St Stephen’s Uniting Church, City, September 27
Writing liturgical music in the Tudor age obliged a certain flexibility. Thomas Tallis was England’s preeminent composer as the state faith flicked back and forth between Catholicism and Protestantism, and burning archbishops was much in vogue. Andrew Robson exhibited a flexibility of his own in arranging Tallis’s nine 1567 hymns for his own alto and soprano saxophones, Sandy Evans’ tenor and soprano, James Greening’s trombone and pocket trumpet and Steve Elphick’s double bass. He conceived of the work as a suite called Bearing the Bell (a reference to Tallis’s epitaph) which was here aired in a venue obviating any need for microphones.
Being an improviser – as Tallis almost inevitably was, himself – Robson arranged the hymns to accommodate concise solos or dialogues. This should not be confused with “jazzing up” Tallis’s music. Yes, the players are steeped in jazz’s harmonic language, but their improvising drew heavily on the composer’s melodic motifs, and the moods and rhythms were very much Tallis’s, with down-beats emphasised as they seldom would be in jazz.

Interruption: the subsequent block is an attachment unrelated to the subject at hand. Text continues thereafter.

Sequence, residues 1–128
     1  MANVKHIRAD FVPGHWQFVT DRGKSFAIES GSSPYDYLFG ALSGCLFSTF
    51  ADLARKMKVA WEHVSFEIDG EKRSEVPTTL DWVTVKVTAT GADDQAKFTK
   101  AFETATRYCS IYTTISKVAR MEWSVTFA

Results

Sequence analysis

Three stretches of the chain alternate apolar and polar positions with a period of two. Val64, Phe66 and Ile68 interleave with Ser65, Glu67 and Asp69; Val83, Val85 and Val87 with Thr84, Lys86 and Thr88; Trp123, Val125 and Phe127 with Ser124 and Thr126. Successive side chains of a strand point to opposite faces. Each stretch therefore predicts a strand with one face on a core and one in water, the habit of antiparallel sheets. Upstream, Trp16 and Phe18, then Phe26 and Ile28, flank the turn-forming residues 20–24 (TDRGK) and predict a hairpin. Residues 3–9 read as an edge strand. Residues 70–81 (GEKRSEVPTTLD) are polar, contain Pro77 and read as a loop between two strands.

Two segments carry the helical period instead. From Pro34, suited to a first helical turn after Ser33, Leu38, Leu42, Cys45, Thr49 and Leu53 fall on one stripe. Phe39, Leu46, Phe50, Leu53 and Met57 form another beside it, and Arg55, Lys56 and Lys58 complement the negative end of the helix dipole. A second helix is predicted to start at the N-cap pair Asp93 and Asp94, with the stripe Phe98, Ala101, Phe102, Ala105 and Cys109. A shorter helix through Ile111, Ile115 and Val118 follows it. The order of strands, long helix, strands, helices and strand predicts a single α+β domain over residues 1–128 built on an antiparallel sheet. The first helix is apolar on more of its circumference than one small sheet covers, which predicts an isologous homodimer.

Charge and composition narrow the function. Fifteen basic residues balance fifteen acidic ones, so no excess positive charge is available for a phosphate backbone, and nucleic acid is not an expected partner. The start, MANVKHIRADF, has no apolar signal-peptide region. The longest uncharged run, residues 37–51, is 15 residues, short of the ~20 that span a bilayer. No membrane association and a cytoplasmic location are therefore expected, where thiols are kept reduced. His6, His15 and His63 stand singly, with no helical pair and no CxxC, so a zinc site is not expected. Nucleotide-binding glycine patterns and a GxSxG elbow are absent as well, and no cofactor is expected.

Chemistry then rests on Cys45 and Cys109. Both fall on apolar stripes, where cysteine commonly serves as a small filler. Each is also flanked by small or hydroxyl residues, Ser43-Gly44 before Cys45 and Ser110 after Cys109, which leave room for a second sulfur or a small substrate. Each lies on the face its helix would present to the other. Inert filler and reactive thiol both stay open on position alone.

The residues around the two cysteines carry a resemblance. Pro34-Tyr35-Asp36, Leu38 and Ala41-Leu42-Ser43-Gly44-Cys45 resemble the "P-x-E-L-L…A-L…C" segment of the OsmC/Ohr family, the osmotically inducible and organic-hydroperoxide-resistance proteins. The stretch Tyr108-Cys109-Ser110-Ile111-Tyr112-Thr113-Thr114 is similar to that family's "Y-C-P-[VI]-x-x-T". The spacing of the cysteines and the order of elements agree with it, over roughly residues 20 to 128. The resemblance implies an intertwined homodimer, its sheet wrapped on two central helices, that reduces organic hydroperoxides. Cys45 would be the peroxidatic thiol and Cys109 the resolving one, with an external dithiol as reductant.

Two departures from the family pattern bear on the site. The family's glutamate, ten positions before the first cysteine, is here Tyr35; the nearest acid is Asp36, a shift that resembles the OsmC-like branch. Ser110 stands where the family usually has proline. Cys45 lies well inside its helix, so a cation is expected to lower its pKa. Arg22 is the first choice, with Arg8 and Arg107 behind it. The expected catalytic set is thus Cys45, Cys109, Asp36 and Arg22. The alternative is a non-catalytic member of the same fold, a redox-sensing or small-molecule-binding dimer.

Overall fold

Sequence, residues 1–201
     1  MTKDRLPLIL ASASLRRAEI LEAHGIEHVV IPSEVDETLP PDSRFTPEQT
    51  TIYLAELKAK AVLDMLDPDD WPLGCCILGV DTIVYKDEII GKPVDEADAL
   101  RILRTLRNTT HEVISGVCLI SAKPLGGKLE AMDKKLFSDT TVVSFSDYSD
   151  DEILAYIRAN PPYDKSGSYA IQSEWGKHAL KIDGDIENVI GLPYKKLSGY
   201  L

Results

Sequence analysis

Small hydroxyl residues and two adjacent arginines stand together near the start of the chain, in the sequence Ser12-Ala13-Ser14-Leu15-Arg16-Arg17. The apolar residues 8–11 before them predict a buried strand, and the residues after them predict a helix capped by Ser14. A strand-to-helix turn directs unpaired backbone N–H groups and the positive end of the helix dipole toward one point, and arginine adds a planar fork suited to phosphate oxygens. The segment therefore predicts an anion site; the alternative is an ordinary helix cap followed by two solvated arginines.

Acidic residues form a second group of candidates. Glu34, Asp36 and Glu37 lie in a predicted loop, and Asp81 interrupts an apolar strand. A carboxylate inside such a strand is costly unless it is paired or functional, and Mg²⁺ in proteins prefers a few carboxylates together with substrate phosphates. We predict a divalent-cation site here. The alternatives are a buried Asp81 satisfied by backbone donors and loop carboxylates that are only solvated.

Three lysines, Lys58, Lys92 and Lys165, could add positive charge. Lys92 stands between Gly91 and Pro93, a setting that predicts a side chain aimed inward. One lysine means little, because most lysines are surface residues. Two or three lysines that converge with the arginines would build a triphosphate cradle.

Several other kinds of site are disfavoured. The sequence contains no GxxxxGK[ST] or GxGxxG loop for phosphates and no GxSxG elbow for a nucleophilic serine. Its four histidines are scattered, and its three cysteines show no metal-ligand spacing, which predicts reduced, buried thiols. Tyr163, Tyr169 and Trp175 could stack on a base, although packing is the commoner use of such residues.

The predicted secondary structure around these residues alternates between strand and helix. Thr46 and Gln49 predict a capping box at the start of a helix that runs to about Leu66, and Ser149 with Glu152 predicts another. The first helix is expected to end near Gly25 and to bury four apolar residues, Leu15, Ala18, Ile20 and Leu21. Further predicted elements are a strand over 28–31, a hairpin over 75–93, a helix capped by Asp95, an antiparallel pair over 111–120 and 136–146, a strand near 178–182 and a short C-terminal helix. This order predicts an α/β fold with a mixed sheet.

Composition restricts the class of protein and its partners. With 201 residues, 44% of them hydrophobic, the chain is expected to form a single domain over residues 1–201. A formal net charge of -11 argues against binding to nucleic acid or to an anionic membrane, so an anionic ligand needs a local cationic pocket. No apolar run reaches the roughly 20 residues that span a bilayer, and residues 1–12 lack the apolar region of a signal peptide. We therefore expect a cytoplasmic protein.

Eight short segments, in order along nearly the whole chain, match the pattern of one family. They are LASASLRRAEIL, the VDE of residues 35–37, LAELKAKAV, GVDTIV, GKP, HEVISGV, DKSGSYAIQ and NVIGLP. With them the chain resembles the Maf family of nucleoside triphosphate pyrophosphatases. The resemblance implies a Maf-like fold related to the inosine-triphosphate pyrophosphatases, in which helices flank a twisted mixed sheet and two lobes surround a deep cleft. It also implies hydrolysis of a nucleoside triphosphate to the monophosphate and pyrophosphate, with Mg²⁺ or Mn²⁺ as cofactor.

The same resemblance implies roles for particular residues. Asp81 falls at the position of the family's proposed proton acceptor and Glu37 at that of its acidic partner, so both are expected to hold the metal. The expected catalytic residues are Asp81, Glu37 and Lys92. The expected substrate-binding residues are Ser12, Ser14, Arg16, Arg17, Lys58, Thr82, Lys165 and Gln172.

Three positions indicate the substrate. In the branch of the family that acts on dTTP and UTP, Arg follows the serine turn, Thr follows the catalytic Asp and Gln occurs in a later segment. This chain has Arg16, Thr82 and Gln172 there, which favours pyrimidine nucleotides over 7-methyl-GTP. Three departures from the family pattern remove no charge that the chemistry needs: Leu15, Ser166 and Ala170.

Twenty-first century music might be broad in scope, but stateliness and even gracefulness are largely foreign to it, and perhaps Robson’ greatest achievement was to preserve those priceless qualities. Indeed the combination of two sopranos, trombone and bass on The Sixth Tune sounded like some fantastical period instrument. The best known of these hymns is that which spawned Vaughan Williams’ Fantasia on a Theme by Thomas Tallis, and here Greening’s pocket trumpet took that brooding melody, a brass instrument only serving to further emphasise the desolation.
Evans was at her potent best in a tenor dialogue with the bass on The Second Tune. For The Seventh Tune Robson devised a bass ostinato to underpin Evans’s solo, and the piece was the most jazz-like, while the eighth was played in rounds, leading to ensemble improvising. The only downside to the church’s resonance was the horns submerging the bass solo on The Sixth Tune, despite being played at their softest.